Alberta's Bill 54, which came into force on May 1, 2010,
fine tunes the Alberta Personal Information Protection Act
("PIPA"), which regulates how private sector
organizations collect, use, disclose, protect and provide access to
Organizations operating in the Alberta private sector will now
have to comply with more stringent privacy requirements. The
amendments prescribed by Bill 54 clarify and expand
organizations' obligations under PIPA relating to
collecting, using or disclosing employee information. Specifically,
the definition of "personal employee information" is
expanded to include information about a former employee as well as
information used for managing a post-employment relationship,
providing for more consistent standards of handling personal
information of employees.
Further, organizations now have a positive obligation to destroy
or anonymize personal information once the organization no longer
requires it for legal or legitimate business purposes. And lastly,
the new amendments also increase the ambit of penalties for
noncompliance. The "wilful" requirement has been removed
such that an organization could commit an offence even if it acted
But perhaps the most important amendments to PIPA are
the new notification provisions requiring organizations to notify
individuals before transferring personal information to a foreign
service provider, and to notify the Privacy Commissioner of Alberta
if personal information is lost, accessed or disclosed without
authorization. We will discuss these new requirements in greater
Transferring Personal Information Outside Canada
The amendments impose additional obligations on organizations
that use service providers outside of Canada to collect, use,
disclose or store personal information. Organizations are now
required to (1) notify individuals when they will be transferring
individuals' personal information to a service provider outside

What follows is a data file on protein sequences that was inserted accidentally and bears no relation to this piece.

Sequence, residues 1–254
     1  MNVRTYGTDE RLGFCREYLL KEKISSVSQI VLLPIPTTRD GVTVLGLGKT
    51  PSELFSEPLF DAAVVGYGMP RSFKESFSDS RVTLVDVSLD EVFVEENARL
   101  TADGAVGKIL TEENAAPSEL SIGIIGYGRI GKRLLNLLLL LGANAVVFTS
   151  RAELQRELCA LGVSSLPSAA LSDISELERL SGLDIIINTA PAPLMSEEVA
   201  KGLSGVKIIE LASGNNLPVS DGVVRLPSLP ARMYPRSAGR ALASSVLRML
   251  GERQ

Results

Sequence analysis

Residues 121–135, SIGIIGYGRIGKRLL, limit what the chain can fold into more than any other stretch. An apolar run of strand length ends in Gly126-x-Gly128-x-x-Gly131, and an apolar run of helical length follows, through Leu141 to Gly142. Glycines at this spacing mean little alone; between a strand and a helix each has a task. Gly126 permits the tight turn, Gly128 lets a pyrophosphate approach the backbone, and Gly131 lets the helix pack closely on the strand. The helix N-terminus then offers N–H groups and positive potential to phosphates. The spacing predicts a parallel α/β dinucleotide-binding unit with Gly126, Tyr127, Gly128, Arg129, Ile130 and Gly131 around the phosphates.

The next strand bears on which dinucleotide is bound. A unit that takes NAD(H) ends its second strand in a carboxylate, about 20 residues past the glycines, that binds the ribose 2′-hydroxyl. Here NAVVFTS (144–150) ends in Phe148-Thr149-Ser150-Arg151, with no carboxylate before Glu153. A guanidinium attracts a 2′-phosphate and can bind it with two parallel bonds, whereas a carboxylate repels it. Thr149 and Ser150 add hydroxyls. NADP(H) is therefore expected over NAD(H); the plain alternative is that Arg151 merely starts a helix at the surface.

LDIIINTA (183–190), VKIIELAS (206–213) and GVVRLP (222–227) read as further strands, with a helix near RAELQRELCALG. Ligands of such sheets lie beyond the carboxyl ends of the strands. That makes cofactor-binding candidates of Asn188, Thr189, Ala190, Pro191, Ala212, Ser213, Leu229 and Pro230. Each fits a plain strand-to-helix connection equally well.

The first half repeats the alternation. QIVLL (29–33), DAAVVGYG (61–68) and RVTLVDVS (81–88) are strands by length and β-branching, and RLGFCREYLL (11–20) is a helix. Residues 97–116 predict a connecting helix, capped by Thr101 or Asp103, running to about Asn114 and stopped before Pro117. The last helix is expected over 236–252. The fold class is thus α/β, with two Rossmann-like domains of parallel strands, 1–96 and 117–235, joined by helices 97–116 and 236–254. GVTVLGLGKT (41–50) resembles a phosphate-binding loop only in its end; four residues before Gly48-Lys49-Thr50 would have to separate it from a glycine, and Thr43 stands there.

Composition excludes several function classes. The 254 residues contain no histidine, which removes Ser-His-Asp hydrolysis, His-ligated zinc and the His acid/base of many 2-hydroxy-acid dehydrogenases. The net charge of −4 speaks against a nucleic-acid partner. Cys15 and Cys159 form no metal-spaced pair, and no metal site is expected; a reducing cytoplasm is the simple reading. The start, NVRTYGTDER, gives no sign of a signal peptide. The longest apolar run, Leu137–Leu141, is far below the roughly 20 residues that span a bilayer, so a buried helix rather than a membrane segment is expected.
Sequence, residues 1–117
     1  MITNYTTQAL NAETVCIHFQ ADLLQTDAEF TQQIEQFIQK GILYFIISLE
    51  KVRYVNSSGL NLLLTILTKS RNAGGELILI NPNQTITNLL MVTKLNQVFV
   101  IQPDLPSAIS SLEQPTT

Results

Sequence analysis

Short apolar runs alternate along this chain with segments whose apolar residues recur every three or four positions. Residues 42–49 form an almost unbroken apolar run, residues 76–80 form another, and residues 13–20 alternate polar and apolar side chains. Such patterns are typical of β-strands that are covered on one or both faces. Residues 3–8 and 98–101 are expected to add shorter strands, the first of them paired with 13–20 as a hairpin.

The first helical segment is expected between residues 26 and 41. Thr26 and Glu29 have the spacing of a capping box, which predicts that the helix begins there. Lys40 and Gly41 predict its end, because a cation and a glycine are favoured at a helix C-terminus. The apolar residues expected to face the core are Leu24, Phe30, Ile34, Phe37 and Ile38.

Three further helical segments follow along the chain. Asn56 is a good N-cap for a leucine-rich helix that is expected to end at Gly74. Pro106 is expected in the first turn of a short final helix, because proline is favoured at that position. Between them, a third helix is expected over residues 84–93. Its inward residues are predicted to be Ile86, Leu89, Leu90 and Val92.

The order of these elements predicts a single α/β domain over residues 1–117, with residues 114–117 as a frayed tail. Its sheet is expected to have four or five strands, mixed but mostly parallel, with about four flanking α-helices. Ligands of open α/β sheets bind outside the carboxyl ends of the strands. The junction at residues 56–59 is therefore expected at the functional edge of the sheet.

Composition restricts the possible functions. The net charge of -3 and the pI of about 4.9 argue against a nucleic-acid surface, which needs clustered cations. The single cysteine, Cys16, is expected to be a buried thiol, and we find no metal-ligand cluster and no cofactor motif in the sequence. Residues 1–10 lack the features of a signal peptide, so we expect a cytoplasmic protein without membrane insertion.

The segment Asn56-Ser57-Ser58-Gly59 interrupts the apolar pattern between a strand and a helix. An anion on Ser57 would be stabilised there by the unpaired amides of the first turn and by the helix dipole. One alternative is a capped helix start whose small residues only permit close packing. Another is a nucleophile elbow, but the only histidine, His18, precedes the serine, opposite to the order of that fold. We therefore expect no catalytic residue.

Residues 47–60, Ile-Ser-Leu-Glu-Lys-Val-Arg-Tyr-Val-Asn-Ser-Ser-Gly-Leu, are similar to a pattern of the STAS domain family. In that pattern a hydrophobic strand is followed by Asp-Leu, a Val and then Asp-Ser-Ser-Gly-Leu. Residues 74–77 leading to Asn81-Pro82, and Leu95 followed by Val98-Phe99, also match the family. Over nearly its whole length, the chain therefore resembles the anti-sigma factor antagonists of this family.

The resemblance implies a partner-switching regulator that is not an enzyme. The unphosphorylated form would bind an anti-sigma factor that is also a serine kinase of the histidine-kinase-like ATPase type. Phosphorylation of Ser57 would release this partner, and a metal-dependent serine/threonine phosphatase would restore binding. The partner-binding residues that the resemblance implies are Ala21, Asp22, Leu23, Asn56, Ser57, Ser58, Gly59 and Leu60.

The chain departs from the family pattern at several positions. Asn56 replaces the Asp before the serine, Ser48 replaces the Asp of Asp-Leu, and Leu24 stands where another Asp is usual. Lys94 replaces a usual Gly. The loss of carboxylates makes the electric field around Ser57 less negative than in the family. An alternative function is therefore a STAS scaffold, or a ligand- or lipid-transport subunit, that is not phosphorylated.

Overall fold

Canada, and (2) include information regarding this outsourcing
practice in the organization's policies and practices. These
changes are particularly relevant for those organizations that are
controlled by a foreign parent company and transfer personal
information to that parent company.
It should be noted that this new notification requirement is in
addition to the requirement to notify individuals about the
purposes of the collection of their personal information and to
provide contact information for someone who can answer any
Personal Information Lost, Accessed or Disclosed without
Alberta is the first Canadian jurisdiction to require mandatory
security breach notification in the private sector. PIPA,
as amended by Bill 54, requires organizations to notify the Privacy
Commissioner of Alberta if personal information under the
organization's control is lost, accessed or disclosed without
authorization. This reporting obligation arises "where a
reasonable person would consider that there exists a real risk of
significant harm to an individual". Failure to notify the
Commissioner of a breach that may pose a real risk of significant
harm to individuals is an offence.
Once the Commissioner is notified, the Commissioner will review
the information provided by the organization and determine whether
affected individuals need to also be notified of the security
breach. If so, the Commissioner can direct an organization to
notify individuals in the form and manner prescribed by the
Regulations. The fundamental purpose of notifying individuals of a
security breach is to allow the individuals to take steps to reduce
their risk of harm, or the extent of the harm, if possible. Thus,
an organization must report a security breach to the Commissioner
without unreasonable delay, as the longer the delay between the
breach and notification, the less useful the notification will
Tips for Organizations
In response to the amendments, your organization should:
(1) Consider whether a foreign entity receives, stores, or has
access to personal information or personal employee information
that is subject to PIPA. If so, review the policies and practices
surrounding the transfer of information and update them to
incorporate the requisite information and notification
(2) Incorporate in its privacy breach protocol a step to notify
the Privacy Commissioner of any serious security breach.
In addition, your organizations should also:
(3) Review current policies with respect to collecting, using or
disclosing personal employee information after the employee leaves
(4) Revise record retention and destruction policies and
procedures, so that personal information is destroyed or
"anonymized" once no longer required.
The content of this article is intended to provide a general
guide to the subject matter. Specialist advice should be sought
about your specific circumstances.
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